Do you know why the finger-style is connected to the pure blues? What are the secrets of fingerpicking?

I have chosen to play finger-style because it gives me a deeper connection to the notes and the instrument. I can shape the sound of the notes individually and within a chord. I often play chords or chord fragments as part of my solo, so having the ability to play an important louder than the others is critical.

I don't have any finger-picking secrets. What I do is not really based on classical or Travis finger-style. I just adapted what I learned from briefly studying classical guitar. I do use my thumb in a percussive manner and will often use it on the skinny strings. The thumb is very important to the accents I use when soloing.

 

                                                                                     Photo by McKenzie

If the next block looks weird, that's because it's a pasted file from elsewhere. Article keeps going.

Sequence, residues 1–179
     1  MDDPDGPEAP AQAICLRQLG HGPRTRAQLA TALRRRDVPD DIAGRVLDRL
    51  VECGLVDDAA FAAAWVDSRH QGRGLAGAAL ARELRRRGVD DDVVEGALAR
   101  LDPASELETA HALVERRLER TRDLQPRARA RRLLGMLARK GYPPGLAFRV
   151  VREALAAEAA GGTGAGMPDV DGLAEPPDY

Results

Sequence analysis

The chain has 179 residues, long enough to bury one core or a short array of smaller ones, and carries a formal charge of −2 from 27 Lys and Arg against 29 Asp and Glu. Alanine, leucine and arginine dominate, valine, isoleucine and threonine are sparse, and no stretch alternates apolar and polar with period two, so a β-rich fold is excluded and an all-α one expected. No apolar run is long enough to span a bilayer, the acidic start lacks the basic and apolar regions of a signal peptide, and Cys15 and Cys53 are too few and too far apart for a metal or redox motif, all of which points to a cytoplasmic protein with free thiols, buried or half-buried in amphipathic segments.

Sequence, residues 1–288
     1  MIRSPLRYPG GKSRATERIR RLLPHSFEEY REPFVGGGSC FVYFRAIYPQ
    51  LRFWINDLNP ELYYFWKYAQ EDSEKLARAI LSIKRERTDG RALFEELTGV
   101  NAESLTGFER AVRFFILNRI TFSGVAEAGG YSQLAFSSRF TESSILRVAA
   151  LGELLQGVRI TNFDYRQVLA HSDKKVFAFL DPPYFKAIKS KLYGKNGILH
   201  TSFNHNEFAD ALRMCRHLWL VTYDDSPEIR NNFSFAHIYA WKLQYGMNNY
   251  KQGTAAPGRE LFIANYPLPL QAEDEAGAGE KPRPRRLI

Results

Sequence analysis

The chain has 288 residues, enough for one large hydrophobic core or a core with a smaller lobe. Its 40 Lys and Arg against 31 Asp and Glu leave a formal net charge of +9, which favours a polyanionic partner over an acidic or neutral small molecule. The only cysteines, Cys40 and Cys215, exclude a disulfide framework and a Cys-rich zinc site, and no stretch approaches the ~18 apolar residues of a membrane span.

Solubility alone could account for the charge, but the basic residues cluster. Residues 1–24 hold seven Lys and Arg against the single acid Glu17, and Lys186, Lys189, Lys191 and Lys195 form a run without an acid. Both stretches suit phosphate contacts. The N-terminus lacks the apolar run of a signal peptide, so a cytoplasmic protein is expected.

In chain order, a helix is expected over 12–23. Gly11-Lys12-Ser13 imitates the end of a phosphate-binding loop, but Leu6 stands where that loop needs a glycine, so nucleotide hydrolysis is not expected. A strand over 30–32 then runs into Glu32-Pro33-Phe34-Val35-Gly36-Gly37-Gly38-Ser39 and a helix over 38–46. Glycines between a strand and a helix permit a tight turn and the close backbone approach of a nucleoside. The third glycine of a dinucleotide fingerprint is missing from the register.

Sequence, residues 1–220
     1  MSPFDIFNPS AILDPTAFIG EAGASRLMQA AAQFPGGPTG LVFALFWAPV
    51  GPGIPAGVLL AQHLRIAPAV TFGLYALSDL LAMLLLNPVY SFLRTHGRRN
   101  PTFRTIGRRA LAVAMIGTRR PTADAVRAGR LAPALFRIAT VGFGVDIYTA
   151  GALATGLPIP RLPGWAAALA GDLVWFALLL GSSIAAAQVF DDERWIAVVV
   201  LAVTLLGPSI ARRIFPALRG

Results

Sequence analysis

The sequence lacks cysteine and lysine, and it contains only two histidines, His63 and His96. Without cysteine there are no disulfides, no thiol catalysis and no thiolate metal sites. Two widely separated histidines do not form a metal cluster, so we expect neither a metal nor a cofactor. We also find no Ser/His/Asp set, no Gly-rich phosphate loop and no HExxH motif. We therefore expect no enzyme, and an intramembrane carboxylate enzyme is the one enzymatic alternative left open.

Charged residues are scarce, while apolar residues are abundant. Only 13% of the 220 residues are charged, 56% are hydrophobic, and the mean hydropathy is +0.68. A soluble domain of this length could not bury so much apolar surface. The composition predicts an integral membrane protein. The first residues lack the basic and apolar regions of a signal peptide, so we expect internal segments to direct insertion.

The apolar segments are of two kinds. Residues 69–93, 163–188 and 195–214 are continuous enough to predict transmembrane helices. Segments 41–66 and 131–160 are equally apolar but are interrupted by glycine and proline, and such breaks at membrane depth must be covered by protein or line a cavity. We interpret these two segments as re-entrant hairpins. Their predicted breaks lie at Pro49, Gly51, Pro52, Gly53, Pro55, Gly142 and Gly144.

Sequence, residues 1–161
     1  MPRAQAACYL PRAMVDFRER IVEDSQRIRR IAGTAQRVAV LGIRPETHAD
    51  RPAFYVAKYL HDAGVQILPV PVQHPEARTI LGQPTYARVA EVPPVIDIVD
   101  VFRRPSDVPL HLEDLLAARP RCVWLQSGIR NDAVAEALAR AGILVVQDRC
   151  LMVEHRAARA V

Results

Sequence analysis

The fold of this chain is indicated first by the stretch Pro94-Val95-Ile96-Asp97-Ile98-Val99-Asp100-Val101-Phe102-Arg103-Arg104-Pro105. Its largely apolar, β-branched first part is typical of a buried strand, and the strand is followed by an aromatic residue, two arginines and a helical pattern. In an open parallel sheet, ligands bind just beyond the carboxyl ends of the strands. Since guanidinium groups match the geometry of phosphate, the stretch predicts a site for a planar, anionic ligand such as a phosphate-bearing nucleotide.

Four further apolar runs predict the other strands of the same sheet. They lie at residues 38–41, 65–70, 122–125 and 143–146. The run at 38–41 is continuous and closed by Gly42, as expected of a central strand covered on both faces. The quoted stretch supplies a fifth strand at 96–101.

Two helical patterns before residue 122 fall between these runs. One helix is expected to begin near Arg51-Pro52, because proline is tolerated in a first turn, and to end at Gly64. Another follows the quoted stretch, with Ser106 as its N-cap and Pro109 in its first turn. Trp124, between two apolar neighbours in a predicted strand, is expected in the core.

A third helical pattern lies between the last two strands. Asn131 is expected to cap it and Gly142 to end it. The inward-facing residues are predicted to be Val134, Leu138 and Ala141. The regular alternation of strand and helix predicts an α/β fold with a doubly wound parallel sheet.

What advice would you give to aspiring musicians thinking of pursuing a career in the craft?

It is important to have a repertoire of songs to play. It is also important to study the masters and figure out what they were doing. Contrary to what most people believe, blues is not an easy style to play well. It is very difficult to develop an individual style too.

 

Do you think the younger generations are interested in the blues?

Not really. I teach a beginning course on blues guitar and the students in there are very interested, but there aren't usually more than 12 students in the class. In the past, this class was more popular. Contemporary pop music is not based on the blues tradition like the music of the 60's and 70's was. There is a much wider acceptance of loops and synthesizers in music now. Much of the focus in music now is on assembling prerecorded parts. Recording sessions are more about sampling a player then chopping up the parts to suit the vision of the producer.